[H]owever, the government can complete the burden of proof as to guilty knowledge by proving beyond a reasonable doubt that, although the defendant was not actually aware that the aliens were in the United States illegally and that the aliens' last entry had occurred within the last three years, he nevertheless was aware of a high probability that the vehicle contained aliens who were illegally in the United States and whose entry had occurred within the last three years, and defendant's ignorance of the presence of the illegal aliens in the vehicle was solely and entirely the result of his having made a conscious effort to disregard the nature of that which was in the vehicle, with a conscious purpose to avoid learning the truth.


Of course, guilty knowledge cannot be established by demonstrating mere negligence or even foolishness on the part of the defendant.


Before drawing an inference of guilty knowledge, you should be convinced beyond a reasonable doubt that the defendant willfully blinded himself to what he had every reason to believe were the facts.


The instruction correctly stated the law. However, McAllister contends there was insufficient evidence to justify giving the instruction.


A Jewell instruction is properly given only when a defendant claims a lack of guilty knowledge and there are facts in evidence that support an inference of deliberate ignorance. United States v. Henderson, 721 F.2d 276, 277 (9th Cir.1983); United States v. Suttiswad, 696 F.2d 645, 651 (9th Cir.1982); United States v. Murrieta-Bejarano, 552 F.2d 1323, 1325 (9th Cir.1977). As we emphasized in Murrieta-Bejarano, the cases in which the facts point to deliberate ignorance are comparatively rare, and they must be carefully distinguished from instances where the defendant was merely negligent. The Government may not carry its burden by demonstrating that the defendant was mistaken, recklessly disregarded the truth, or was negligent in failing to inquire. Suttiswad, 696 F.2d at 652; United States v. Williams, 685 F.2d 319, 321 (9th Cir.1982); Jewell, 532 F.2d at 704 n. 21. Instead, the facts must support the inference that the defendant was aware of a high probability of the existence of the fact in question. Suttiswad, 696 F.2d at 652; Jewell, 532 F.2d at 704 n. 21. An instruction given without an adequate factual basis may improperly lead the jury to infer guilty knowledge without proof of conscious avoidance of the truth. Murrieta-Bejarano, 552 F.2d at 1325.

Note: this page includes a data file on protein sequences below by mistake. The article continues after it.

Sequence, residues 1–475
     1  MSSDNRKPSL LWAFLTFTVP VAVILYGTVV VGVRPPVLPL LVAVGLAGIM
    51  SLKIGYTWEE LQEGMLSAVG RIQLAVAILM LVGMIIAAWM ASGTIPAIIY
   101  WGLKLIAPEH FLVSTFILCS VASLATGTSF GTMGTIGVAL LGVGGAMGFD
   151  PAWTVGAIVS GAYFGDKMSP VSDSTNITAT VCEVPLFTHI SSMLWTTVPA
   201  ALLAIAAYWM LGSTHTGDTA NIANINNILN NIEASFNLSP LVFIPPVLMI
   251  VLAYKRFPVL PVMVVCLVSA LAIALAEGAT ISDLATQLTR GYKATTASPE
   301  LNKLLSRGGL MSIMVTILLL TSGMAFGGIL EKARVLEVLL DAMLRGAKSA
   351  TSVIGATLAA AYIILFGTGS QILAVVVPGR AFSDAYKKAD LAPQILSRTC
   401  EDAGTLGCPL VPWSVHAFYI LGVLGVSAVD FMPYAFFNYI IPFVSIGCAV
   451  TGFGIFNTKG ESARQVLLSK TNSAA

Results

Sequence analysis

The evidence in this case was sufficient to support the inference of deliberate ignorance. Several factors suggested a high probability that McAllister knew he was engaged in transporting aliens who had illegally entered within the last three years. These included the suddenness of the trip, the fact that it was made at 2:00 a.m., the lack of a specific destination, and the fact that Danny was traveling to Los Angeles also, but would not accompany the truck. McAllister testified he neither looked in the back of the truck nor asked what it contained. He stated he did not know or attempt to learn Danny's last name. He did not ask where he was going in Los Angeles or how he would return to San Diego. McAllister drove through the truck scales area that was closed, which avoided passing the normal border checkpoint where any aliens who had illegally entered could be discovered. His testimony concerning his reason for doing so was inconsistent and implausible and justified a reasonable inference that he did so because he believed illegal aliens were in the truck. These facts all indicate "the defendant tried to close his eyes or ears to what was happening." United States v. Beckett, 724 F.2d 855, 856 (9th Cir.1984). The inference is strengthened by the agents' observation that McAllister did not appear surprised to see the aliens when the back of the truck was opened. The use of the Jewell instruction thus was not error.



McAllister also claims a violation of rights afforded him under Fed.R.Crim.P. 16. In response to the request of the defendant under Rule 16(a)(1)(A), the Government provided the interview form I-44 that Agent DeWitt had prepared after interviewing McAllister. In pertinent part, the I-44 read as follows:


He stated first that he did not know that the aliens were in the back of the truck. He stated that he had met a man named Danny in a San Diego restaurant and in the course of the conversation the man asked him if he would drive the above truck to L.A. for him. The man said that he would pay him $25.00 for doing so, and McAllister said that since he was unemployed he agreed. McAllister stated that the man got him on the freeway and told him he would catch him on the highway somewhere north and lead him to the destination in Los Angeles. He stated that the man told him also, that when he got to the truck scales to go in even though they were closed.